A Montrose man is suspected of using his drone to look into neighbourhood homes, and possibly film those inside. Photo: David Henrichs on Unsplash

A Montrose man is suspected of using his drone to look into neighbourhood homes, and possibly film those inside. Photo: David Henrichs on Unsplash

Trail RCMP report drone mischief and a hit and run

Anyone with information is encouraged to call the Trail detachment

Accusations of peeping into neighbourhood windows via drone, and surreptitiously filming those inside, has a Montrose man under investigation by the Trail RCMP.

This case stems from a call to the local detachment the evening of Feb. 21. That’s when Trail police took a complaint about a 44-year-old Montrose man who reported to be flying his drone in a residential neighbourhood of the village.

It is alleged that the suspect was using an Unmanned Aerial Vehicle (UAV), or drone, to look into neighbouring residences and he was possibly filming activities of the occupants.

The RCMP is investigating the man for allegedly committing the criminal act of mischief under Section 140 of Canada’s criminal code and, with assistance of Transport Canada, offences under the Aeronautic Act.

According to Transport Canada, privacy laws may not mention drones by name but these laws do apply to pictures, videos or other information collected by a drone. Some violations of a person’s privacy may go beyond privacy laws and may be offences that result in charges. This includes using drones in a way that could be: voyeurism; mischief; creating a nuisance; violating provincial or municipal laws.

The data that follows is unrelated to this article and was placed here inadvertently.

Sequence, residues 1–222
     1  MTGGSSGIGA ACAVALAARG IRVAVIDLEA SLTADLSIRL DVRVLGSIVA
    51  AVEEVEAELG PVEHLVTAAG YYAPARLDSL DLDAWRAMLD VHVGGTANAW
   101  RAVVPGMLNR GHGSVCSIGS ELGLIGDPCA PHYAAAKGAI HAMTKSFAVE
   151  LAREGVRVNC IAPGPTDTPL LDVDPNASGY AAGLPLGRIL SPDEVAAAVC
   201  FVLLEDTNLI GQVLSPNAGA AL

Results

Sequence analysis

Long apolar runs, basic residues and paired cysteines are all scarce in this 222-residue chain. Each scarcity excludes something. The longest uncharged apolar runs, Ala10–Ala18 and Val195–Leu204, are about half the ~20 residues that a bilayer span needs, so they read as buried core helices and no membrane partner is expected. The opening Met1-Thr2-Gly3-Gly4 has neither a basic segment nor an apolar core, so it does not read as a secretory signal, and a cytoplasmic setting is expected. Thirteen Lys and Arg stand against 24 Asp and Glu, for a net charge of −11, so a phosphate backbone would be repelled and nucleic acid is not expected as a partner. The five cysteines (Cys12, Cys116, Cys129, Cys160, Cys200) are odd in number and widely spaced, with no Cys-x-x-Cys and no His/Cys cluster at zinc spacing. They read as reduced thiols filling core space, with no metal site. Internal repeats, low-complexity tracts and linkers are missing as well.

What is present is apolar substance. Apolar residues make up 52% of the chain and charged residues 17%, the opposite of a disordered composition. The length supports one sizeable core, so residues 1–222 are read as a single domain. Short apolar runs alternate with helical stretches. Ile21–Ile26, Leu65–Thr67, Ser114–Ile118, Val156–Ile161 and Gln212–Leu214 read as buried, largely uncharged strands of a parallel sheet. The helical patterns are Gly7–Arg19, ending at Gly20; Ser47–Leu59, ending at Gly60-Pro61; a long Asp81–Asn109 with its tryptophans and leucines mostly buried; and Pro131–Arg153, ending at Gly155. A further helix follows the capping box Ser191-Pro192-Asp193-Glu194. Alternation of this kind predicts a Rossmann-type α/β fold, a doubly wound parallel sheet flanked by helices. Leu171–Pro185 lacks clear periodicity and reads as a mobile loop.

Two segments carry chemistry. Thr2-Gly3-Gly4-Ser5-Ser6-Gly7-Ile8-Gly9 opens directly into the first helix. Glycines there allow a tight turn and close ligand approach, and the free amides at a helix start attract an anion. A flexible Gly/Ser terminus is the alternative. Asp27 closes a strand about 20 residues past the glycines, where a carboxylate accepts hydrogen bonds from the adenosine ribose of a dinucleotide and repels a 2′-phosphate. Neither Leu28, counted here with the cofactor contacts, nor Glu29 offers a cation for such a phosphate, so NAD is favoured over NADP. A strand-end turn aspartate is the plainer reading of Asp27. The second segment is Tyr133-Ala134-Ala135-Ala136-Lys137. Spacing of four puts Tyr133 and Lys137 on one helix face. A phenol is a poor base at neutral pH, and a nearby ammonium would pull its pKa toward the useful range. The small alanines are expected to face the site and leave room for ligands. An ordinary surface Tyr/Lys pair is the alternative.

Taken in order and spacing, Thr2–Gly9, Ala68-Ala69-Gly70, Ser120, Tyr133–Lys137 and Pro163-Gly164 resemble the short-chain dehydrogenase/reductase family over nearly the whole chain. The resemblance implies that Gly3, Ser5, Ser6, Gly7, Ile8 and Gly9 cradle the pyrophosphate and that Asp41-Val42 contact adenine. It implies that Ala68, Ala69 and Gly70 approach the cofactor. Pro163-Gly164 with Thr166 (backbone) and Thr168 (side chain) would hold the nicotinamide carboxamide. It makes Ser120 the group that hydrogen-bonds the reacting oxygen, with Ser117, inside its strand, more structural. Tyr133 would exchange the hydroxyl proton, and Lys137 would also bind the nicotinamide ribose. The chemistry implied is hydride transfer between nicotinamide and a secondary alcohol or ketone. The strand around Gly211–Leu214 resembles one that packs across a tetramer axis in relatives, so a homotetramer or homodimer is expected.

Drone users are responsible for knowing all the laws that may apply to their drone use.

This drone investigation is one of two cases reported in the latest brief from the Trail and Greater District RCMP.

The second incident includes a request to help police identify a vehicle allegedly involved in a hit and run.

Trail RCMP officers responded to a motor vehicle incident that occurred at the intersection of Leroi Avenue and Monita Street in Rossland, just after 10:30 p.m. on Feb. 20.

A Rossland woman, 50, was behind the wheel of a silver 2020 Mitsubishi when another vehicle struck her car in the intersection. The driver of the suspect vehicle fled the scene by driving up Monita Street against the posted “Do Not Enter” traffic sign and was last seen turning left onto Dunn Crescent.

Trail RCMP is looking for assistance from the public in identifying the driver/vehicle that fled the scene.

The suspect vehicle is described as an older, dark grey hatchback with an ‘N’ decal on the rear. The hatchback did not have the headlights turned on at the time of the collision, but police say there may be a “3” on its licence plate.

The hatchback will have notable damage to the front passenger side and possibly down the passenger side panels.

Anyone with information is encouraged to contact the Trail detachment at 250.364.2566.



newsroom@trailtimes.ca

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